How a 5-Year-Old Helped Fight Homelessness

Annie Skaruppa and her family pose with outreach workers holding the drawing she made

Annie Skaruppa is not quite old enough for first grade. But this winter, she decided she was plenty old enough to help her fellow New Yorkers.

“We were out on Broadway and she saw teenage girls selling hot chocolate to raise money for charity. She wanted to raise money for charity too,” Annie’s mother Cindy said.

The family put their heads together and came up with a plan. Since Annie loves to draw, she would do custom drawings for her extended family in exchange for donations. It was a cold night on Broadway, so they were inspired to use the money to fight homelessness.

“We called grandmas, aunts and uncles,” Cindy Skaruppa explained. The gifts began rolling in.

Last week the family stopped by our Uptown Goddard homeless outreach office to drop off a check for $250. Annie also brought the outreach team a picture she’d drawn especially for them, of vibrant trees and flowers. More than a dozen people were waiting to meet her, say thanks and answer her questions.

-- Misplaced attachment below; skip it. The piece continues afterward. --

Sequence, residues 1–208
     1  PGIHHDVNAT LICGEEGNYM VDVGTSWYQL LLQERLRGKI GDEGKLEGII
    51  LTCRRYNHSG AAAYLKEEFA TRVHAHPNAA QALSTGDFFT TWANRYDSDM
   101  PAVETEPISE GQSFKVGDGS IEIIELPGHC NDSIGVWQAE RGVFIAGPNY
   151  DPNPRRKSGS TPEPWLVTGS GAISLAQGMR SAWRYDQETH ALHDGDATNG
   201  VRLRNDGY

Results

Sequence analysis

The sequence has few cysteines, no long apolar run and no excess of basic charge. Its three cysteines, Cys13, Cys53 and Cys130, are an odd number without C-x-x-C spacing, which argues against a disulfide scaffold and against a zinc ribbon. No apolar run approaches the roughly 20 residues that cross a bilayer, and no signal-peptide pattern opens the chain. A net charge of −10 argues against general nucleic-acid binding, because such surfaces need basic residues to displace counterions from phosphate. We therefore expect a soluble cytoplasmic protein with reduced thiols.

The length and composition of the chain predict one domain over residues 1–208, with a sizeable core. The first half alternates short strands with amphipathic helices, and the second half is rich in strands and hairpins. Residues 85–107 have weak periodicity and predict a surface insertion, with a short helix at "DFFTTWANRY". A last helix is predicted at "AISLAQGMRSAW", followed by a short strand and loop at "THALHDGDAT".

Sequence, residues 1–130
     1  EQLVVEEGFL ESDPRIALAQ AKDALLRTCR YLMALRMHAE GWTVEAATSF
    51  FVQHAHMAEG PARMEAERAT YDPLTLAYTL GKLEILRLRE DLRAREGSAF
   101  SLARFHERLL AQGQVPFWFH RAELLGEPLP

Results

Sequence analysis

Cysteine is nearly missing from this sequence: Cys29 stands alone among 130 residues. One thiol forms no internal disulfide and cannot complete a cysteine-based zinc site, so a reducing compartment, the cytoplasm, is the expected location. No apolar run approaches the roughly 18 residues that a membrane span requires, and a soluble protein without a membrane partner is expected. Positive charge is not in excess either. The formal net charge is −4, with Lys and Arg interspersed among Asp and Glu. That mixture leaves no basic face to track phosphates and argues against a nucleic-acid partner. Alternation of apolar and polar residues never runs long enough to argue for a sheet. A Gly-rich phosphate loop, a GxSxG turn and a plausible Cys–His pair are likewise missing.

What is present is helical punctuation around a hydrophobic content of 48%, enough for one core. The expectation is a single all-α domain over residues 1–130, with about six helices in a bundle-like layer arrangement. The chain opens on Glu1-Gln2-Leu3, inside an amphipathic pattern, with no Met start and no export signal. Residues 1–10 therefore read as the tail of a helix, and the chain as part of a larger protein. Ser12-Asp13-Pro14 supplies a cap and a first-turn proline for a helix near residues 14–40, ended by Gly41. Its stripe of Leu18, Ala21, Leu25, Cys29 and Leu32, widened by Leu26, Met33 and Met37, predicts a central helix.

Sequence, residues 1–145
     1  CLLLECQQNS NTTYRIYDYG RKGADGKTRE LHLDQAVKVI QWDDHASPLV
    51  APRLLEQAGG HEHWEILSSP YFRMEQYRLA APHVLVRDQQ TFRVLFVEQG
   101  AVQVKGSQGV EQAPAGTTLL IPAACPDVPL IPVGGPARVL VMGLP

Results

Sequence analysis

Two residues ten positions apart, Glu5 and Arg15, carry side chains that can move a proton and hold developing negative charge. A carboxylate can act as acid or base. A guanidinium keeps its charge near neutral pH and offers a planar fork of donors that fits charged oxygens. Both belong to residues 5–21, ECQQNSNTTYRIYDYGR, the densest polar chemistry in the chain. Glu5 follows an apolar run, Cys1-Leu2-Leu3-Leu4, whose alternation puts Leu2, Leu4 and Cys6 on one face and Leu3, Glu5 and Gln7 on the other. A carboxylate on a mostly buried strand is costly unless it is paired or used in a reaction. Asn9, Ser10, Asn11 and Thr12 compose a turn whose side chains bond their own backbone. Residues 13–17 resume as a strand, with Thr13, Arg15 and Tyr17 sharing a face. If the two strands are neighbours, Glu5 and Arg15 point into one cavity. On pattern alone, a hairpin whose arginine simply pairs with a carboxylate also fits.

“Can you explain a little bit of what you do?” she asked Uptown Goddard director Keri Goldwyn.

Goldwyn explained that the office is staffed 24/7β€””we’re always on”β€”and that our outreach specialists go out in pairs early in the morning to visit all the sites where they know unsheltered people sleep.

“We get them healthy food and warm clothing and other things they need,” Goldwyn explained. The teams help people acquire any documentation they lack, such as photo IDs and Social Security cards. They provide transportation to shelters and help them get into transitional housing and eventually permanent housing.

Often there are trust issues. People may be reluctant to move off the streets for a variety of reasons. But “We keep going out, we keep connecting with them and we’re always ready to help when they’re ready,” said Goldwyn.

While Annie and her family went out to see the outreach vehicle parked outside, the team hung up her drawing in the office. It serves as a reminder that everyone can do something to help.